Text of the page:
This essay is part of the Student Agenda Essay Series, where students are sharing the pillars of the National Student Agenda that resonate most, and why they take action.
Bolu, pictured here, is a first year student at Texas A&M University.
“History is always written by the winners.” (Pieter Gyel)
America is the winner of almost every single war they have ever been a part of. They won the American Revolution, Civil War, and World Wars. They have shaped the history books in terms of their view, no criticism on the possibility of them being in the wrong and no inclusion of those who they don’t find important. I loved history though. I enjoyed the perspectives, the stories, and the drama of it all, but I quickly came to the realization that it wasn’t broad or from the perspective of something other than a white man.
History is written by America, but history is not America and America is not the world.
The way we teach history perpetuates white supremacy, it continues the horrifying trend of “if it isn’t about a white man or affects a white man, it doesn't matter.” If I chose to only know what my schools have taught me about Africa, I would know nothing but the Triangular Trade and the richest man being Manus Musa, but I knew there was more. I’m Nigerian-American, specifically Yoruba, and I grew up understanding the riches of Africa after my parents would come back home from their trips, telling me stories and bringing back items from their home. I knew the truth about Africa and I knew the lies; the lies that stemmed from the lack of information that U.S. curricula gives students.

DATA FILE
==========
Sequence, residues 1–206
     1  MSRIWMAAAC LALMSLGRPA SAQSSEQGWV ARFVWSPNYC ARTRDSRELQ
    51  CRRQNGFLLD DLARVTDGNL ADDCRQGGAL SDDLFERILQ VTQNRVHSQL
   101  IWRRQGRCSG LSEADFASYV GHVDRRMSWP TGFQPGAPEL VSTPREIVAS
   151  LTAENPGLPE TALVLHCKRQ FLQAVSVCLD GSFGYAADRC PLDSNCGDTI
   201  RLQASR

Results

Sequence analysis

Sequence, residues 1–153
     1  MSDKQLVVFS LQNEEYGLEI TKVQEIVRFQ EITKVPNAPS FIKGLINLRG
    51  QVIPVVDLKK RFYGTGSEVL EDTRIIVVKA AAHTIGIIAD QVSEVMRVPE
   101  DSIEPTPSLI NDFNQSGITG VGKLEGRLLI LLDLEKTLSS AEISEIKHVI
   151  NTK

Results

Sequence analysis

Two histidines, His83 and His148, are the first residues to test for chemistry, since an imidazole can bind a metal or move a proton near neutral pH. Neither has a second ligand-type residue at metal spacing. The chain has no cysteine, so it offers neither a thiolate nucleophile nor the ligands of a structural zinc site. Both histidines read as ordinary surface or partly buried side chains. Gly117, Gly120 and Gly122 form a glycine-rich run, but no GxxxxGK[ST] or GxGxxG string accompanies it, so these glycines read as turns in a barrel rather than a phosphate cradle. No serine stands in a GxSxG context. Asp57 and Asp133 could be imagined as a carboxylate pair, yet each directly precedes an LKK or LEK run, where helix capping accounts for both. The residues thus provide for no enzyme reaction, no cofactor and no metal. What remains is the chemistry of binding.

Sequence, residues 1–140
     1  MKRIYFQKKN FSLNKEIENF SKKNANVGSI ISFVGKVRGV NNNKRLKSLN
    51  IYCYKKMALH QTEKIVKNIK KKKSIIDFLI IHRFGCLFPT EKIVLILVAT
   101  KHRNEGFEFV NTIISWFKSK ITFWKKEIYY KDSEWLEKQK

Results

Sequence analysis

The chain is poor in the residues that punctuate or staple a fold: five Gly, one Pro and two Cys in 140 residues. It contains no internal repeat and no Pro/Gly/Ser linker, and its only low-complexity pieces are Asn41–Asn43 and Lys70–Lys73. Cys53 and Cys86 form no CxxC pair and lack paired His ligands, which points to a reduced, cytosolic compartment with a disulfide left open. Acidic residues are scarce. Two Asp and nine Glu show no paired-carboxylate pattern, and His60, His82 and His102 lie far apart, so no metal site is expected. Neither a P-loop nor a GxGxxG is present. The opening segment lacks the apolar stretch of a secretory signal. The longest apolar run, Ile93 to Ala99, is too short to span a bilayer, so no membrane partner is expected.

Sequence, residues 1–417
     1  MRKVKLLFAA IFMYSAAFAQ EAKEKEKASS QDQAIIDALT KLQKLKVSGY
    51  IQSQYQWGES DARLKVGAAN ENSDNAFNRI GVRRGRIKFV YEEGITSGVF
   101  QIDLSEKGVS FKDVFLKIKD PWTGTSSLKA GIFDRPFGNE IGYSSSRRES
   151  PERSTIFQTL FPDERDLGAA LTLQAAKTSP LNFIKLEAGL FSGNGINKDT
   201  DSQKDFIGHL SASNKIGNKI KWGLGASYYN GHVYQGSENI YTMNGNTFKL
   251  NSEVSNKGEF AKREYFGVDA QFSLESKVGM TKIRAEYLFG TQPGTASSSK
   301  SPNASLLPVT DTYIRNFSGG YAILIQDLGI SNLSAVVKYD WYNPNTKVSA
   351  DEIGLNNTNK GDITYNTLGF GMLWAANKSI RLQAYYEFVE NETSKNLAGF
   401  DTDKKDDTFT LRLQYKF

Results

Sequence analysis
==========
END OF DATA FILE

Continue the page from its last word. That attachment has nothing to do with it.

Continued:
Today’s curriculum taught in classrooms not only doesn't prepare students for the real world, it prepares students for a world built on white supremacy and if we plan to dismantle that type of thinking we must start with the children in the classrooms. School districts do not deserve all the power in deciding what and how we learn when they haven't been in classrooms for the most recents years. Students deserve a voice in our own education — from attending school board meetings to finding ways to speak out, students should be able to speak up about their stance on a true comprehensive education with an accurate representation of the world around us.
My voice once mattered, but only for a fraction of a second and somehow the words that flowed out of my mouth were twisted into something they were not, twisted me into something I was not. I was in 3rd grade when I realized that within the four walls of my elementary school, my voice didn’t matter. As I got older I saw the signs more clearly, the questions like “Is English the only language spoken in your home?” doesn’t always come from a place of concern or help, but rather picking away at people for things they deemed issues. My mom always told me to lie, to tell people that she or my father didn’t speak and engage with us in their native language of Yoruba more than 50% of the time because she knew, better than me, that the perspective wasn't the same. Somehow the need for a student to learn a second language should only be the “ good ones” or the important ones. Those can help your education and progress your critical thinking. My language would hinder me and it was categorized as a hinder.
“Your daughter has an issue with understanding the language of English due to the mixture of languages being taught at home.” Words like skirt and shirt would be a tongue twister — but comprehension was not the issue, but rather the pronunciation. If my skin was another color and if my parents were teaching me Italian or French, a European language, the blame would not have been put on my parents. Yet, I was a child unaware that this was just the first step of my voice being snatched from me and that even when I left the suffocating K-12 system, that as a black woman my voice would still not be heard.
My background wasn’t a speed bump in my education like how it was perceived, but rather a leg-up.